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The skinny on the flip side of obesity

Sure, obesity is a disease that needs to be prevented, but so is obsessing about body image. 'Fat' is not a description, albeit unkind, like ‘tall' or 'short', anymore. Sanchita Sharma writes.

columns Updated: Dec 08, 2013 00:45 IST
Sanchita Sharma

Ever since supermodel Kate Moss made cocaine chic — gaunt face, stick figure and sunken eyes — the beauty touchstone for women two decades ago, being clinically underweight has become what Naomi Wolf calls "The Official Body".

Sure, obesity is a disease that needs to be prevented, but so is obsessing about body image. 'Fat' is not a description, albeit unkind, like ‘tall' or 'short', anymore.

It's become an indication of personality. Being lean and/or muscular has become associated with discipline, rigour and success, while being overweight is associated with laziness, weakness and indiscipline.

So, in a world where 7.12 billion people don't look like supermodels, and about a dozen do because they lucked out on genes, impressionable girls and women continue to be bombarded each day with photoshopped images of outstandingly beautiful people.

And everyone wants to look like them. No one stops to consider that they don't have the genes needed to make them tall and lean. The result is children, mostly girls, as young as 7 internalise the thin ideal and begin a lifetime struggle to meet this unrealistic and very unhealthy standard.

This week, a new study reports that being active on social networking sites such as Facebook also fuels obsessing over body image distortion in adolescent girls.

But more than overall Facebook use, it's heavy use of photo applications that cause dissatisfaction, which can trigger eating and behavioural disorders such as anorexia, yo-yo-dieting and binge eating.

The new study found that adolescent girls' Internet "appearance exposure" — measured by the amount of time spent on websites high on appearance-focused content — was associated with greater internalisation of the thin ideal, self-objectification and weight dissatisfaction.

All research to date on body image shows that women are much more critical of their appearance than men and are much less likely to like what they see in the mirror.

Four out of five women are unhappy with their reflection and almost half of them are trying to achieve an ideal of female beauty that has become progressively more unrealistic.

In the 1920s, the physically perfect woman was about 5ft 4in tall and weighed 55 kg, the healthy weight for the height; in the ‘60s, models weighed 8% less than the average woman; now they weigh 23% less.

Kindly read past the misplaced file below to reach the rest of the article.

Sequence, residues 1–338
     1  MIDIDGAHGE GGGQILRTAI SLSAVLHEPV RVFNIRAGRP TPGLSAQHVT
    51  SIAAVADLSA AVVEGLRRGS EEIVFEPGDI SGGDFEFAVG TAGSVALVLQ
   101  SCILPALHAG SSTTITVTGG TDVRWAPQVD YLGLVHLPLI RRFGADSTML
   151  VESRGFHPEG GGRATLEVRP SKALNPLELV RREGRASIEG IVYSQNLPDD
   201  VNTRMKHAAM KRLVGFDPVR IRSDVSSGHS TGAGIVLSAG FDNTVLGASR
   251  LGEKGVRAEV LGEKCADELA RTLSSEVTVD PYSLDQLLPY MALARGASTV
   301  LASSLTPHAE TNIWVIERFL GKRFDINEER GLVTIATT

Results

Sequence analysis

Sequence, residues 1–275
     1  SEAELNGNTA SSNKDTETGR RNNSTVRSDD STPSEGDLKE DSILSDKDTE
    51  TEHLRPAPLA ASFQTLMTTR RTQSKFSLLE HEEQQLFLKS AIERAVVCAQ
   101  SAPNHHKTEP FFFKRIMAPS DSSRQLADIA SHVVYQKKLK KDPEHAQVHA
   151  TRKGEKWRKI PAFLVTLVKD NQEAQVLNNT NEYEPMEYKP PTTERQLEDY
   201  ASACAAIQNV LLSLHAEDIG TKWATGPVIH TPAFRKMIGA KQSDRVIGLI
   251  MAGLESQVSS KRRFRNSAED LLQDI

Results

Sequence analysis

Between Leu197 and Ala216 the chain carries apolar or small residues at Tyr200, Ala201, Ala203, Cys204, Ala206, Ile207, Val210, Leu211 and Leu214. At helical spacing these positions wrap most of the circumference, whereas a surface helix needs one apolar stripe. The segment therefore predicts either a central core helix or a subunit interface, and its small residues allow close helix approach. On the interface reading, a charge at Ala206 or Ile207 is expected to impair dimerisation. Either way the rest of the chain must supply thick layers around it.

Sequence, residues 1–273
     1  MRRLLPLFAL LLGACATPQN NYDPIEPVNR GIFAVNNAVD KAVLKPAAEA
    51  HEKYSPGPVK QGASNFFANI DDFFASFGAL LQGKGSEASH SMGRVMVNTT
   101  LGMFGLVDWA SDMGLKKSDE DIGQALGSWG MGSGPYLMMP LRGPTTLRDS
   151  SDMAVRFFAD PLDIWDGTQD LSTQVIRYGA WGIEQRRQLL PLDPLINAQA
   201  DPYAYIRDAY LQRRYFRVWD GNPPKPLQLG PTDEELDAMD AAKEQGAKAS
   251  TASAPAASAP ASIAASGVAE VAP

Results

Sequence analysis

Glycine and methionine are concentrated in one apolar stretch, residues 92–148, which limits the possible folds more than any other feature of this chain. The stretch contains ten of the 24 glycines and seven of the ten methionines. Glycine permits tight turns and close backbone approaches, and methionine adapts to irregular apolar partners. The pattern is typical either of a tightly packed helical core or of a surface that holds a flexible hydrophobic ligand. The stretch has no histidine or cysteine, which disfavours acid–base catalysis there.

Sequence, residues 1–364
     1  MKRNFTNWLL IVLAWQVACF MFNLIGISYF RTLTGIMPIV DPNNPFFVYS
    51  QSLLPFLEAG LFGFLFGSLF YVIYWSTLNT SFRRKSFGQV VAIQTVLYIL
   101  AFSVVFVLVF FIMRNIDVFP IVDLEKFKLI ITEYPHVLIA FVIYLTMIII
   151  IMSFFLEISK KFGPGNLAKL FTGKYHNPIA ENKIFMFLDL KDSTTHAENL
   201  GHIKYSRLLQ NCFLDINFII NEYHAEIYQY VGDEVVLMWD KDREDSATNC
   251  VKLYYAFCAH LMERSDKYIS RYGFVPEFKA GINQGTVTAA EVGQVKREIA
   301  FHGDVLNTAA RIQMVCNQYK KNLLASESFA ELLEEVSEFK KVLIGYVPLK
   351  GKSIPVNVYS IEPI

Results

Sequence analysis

The current media ideal in terms of weight and size for women is achievable by less than 1% of the world's women population.

The same goes for washboard abs in men, who are increasingly falling into the body-image distortion trap. Genes dictate how well-defined your abdominal muscles or how big your triceps and pecs get without using illegal anabolic steroids.

Once people reach their maximal muscle mass, further gains come from both muscle and fat. So, men who have bigger muscles also have a higher body fat percentage.

Almost one in five (18%) teenage boys in the US were concerned enough about their weight and physique to engage in risky behaviours, reported JAMA Pediatrics last month.

Up to 31% engaged in infrequent binge eating or purging, while about 0.8% had partial or full criteria for bulimia. Almost 3% met the binge-eating disorder criterion, a condition in which binge-eating is not followed by purging, excessive exercise, or fasting.

A similar US survey of more than 2,800 middle and high school teens last year found more than two in three teen boys changed their eating habits to increase their muscle size or tone, reported the Journal of eating disorders.

While exercising should be encouraged, chronic dieting can cause several health disorders, the most common among being dehydration, nutrient deficiencies, low blood pressure, frequent infections and bad breath.

Over time, skipped meals can cause stomach inflammation, ulcers and gall bladder stones, osteoporosis, irregular periods, infertility, depression and dry skin and brittle hair.

Compared to rising obesity, body-shape obsession seems to be a lesser evil. After all, at least 2.6 million people die each year as a result of being overweight or obese, which makes obesity a bigger killer than malnutrition, shows World Health Organisation data.

More than half of India's population does not meet body mass index (BMI) — the weight in kilograms divided by the square of the height in meters (kg/m2) — standards used to classify overweight and obesity in adults.

Indians and south Asians are classified as overweight if they have a BMI equal to or more than 23, and as clinically obese if it is equal to or more than 27.

Globally, almost 1.5 billion adults are overweight or obese, but there are an equal number worrying about the way they look, an obsession that's affecting their mental health almost as much as obesity affects physical health.